Michael C. Hardy is a partner in Duane Morris’ Corporate Practice Group and co-chair of the firm’s Private Equity Group. He has extensive experience advising private equity sponsors and their portfolio companies in a broad range of industries, including health care and life sciences. Hardy corresponded with MMG about how shifting reimbursement models and regulatory risks are shaping health care M&A.
Q. What’s driving the shift from traditional fee-for-service to value-based care?
State and federal payers and private insurance payers have been grappling with how to deal with dramatic health care cost increases. The solution that has evolved among payers is to set an affirmative goal of providing the most effective and best care at the lowest cost possible using a value- and outcome-driven reimbursement model.
Q. How is roll-up activity in the health care sector related?
The shift in the reimbursement model is having a number of important effects. One of the biggest is the consolidation of health care providers. Another is the “spinning out” of non-core hospital services from hospitals to other facilities.
Consolidation in health care provider services has increased substantially in recent years. Hospitals and other single-location facilities have looked to join larger groups because stand-alone facilities don’t have the economies of scale to deal with regulatory burdens under the new model and can’t be as efficient as larger platforms. As revenue shrinks due to cost containment, they need larger partners to survive.
“GROWING EMPHASIS ON COST CONTROL AND VALUE-BASED CARE IS DRIVING CONSOLIDATION AND CREATING NEW OPPORTUNITIES FOR PE INVESTORS.”
Q. What opportunities are available to private equity funds and deal-makers?
Consolidation will likely continue as the emphasis on cost control and value-based care continues to grow. The opportunity for institutional investors is to fund the growth of the newly created and expanding businesses and participate in the consolidation and streamlining of businesses into more profitable enterprises. Because of the general growth of the health care industry, managers who focus on the space should be able to generate strong returns for their limited partners based on that growth.
Health care has historically been insulated from the fluctuations of the business cycle. Consequently, private investment in health care may be attractive as a hedge against an economic downturn. Because consolidation is likely to persist, M&A activity will continue to present opportunities for buyers and sellers.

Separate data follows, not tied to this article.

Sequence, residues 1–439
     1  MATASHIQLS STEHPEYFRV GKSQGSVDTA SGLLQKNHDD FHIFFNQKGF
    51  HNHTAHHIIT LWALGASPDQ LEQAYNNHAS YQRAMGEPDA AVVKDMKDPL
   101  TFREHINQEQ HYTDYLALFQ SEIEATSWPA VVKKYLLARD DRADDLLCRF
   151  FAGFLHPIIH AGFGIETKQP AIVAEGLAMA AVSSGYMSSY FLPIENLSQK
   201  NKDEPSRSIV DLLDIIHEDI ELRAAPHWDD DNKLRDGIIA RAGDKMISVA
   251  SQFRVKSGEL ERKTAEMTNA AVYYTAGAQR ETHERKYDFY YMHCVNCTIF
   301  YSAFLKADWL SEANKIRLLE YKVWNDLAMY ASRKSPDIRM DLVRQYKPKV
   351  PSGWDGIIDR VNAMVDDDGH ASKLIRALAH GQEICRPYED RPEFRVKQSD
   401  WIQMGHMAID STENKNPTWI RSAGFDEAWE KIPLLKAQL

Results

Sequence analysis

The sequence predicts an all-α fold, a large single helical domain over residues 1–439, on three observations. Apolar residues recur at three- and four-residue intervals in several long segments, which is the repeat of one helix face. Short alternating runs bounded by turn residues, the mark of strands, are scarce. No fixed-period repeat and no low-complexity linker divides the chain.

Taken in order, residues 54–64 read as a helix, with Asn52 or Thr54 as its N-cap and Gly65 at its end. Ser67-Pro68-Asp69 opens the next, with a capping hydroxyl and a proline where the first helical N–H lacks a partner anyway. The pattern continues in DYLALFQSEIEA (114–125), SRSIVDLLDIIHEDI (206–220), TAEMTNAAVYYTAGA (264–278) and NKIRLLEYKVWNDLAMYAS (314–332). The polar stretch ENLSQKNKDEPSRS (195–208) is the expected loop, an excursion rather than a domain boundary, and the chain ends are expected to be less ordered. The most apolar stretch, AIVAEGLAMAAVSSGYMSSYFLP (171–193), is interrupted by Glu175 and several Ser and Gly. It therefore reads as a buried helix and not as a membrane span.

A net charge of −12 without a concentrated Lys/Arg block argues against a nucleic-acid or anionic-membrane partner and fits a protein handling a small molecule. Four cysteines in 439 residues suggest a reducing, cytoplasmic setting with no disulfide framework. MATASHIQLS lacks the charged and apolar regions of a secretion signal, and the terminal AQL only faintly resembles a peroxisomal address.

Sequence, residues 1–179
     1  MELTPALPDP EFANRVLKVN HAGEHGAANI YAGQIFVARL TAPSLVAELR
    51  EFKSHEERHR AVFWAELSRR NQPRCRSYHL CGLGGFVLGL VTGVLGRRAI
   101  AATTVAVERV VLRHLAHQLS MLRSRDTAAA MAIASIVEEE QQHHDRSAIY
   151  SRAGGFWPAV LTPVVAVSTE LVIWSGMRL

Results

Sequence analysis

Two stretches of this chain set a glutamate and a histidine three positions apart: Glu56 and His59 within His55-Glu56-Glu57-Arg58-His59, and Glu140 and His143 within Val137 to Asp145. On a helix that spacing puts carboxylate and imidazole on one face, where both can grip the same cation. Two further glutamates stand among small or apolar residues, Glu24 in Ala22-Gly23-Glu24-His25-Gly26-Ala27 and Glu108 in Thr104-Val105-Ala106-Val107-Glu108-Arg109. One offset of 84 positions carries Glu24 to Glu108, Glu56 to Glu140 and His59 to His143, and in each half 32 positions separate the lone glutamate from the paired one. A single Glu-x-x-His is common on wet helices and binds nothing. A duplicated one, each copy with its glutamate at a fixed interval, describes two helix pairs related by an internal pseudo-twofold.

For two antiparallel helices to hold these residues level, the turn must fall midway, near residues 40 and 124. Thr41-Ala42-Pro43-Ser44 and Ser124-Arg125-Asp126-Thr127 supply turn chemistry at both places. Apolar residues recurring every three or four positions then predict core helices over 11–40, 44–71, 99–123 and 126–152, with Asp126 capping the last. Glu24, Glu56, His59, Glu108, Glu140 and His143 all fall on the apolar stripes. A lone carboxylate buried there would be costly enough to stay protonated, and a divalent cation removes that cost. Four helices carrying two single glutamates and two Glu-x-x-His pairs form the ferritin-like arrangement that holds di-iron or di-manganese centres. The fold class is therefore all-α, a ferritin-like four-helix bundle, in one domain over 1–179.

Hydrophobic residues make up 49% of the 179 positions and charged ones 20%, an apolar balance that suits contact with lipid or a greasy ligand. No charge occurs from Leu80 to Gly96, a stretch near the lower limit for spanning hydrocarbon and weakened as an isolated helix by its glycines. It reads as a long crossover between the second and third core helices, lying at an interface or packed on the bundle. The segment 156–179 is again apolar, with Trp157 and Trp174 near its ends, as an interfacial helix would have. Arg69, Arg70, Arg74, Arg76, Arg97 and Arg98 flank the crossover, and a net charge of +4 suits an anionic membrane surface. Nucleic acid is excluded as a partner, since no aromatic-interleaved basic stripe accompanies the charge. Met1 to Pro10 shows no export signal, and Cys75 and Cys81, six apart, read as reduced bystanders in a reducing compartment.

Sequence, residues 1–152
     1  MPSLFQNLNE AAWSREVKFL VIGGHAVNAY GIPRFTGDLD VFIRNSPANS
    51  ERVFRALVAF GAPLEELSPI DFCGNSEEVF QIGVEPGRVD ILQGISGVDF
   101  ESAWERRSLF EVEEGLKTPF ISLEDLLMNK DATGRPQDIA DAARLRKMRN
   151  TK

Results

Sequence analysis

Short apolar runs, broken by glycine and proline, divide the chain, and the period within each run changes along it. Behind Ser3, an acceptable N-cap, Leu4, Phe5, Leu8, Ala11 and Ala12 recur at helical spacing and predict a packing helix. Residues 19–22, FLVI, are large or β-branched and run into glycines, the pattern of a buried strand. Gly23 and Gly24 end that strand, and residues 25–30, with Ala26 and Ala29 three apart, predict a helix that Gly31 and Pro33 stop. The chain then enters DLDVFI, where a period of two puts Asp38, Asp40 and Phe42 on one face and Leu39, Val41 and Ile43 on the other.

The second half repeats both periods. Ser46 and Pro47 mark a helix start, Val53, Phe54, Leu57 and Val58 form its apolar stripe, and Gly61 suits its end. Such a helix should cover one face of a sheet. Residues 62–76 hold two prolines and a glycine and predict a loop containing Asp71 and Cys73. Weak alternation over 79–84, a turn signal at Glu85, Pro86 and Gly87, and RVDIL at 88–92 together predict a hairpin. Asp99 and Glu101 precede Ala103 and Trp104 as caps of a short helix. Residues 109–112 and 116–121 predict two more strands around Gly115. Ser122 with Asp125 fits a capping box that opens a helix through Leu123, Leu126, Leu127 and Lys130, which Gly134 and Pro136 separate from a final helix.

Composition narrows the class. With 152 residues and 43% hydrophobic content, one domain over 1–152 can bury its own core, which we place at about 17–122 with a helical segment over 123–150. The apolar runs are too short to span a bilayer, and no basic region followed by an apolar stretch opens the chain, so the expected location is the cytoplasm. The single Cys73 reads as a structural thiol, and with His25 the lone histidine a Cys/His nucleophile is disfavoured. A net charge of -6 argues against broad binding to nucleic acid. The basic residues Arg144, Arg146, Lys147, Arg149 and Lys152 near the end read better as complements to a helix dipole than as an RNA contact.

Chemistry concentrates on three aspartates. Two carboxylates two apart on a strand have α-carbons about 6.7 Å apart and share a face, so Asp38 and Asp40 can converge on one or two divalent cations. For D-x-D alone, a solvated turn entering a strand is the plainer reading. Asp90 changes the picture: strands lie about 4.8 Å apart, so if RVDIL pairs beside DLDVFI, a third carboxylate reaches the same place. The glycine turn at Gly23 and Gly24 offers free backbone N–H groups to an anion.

Q. Which services has this shift affected most?
The impact has been across the board. In terms of industry participants, hospitals have felt it in every area. Some clinicians, such as those in the preventive care space, are wrestling with how to apply a value-based approach when there’s no outcome data to measure against in real time.
Even businesses that don’t face patients but provide services to health care providers have been impacted. For example, a large hospital system that uses a third-party vendor to test its radiology equipment may not be comfortable dealing with a small “mom-and-pop” testing company. That same mom-and-pop testing company will struggle to be cost-efficient without certain economies of scale. In order to survive, it will need to grow organically, or by merger.
Q. How will these secondary-level service providers affect M&A?
The opportunity for PE investors is to help the smaller organizations grow organically and/or by acquisition by providing the capital and strategic guidance to do so. The level of interest on the part of PE in this aspect of the space will have a big impact on both investment and M&A activity. Unlike investments in health care providers, secondary service providers aren’t subject to many of the regulatory burdens that tend to chill the interest of some investment funds in areas such as clinical treatment, pharmaceuticals and medical devices.
Q. Are there any regulatory changes you foresee playing a larger role in the future?
As a general matter, regulatory burdens are likely to increase. For many participants in the health care industry, this will add costs, which in turn will tend to fuel consolidation. Down the road, as the value-based care system becomes more ubiquitous, it is possible that lawmakers will need to rethink some of the current laws and regulations designed to address concerns about overuse, misuse and excess spending, as those rules were implemented with an eye toward the old fee-based system and may actually hinder full adoption of the value-based method.
This story originally appeared in the May/June print edition of Middle Market Growth magazine. Read the full issue in the archive.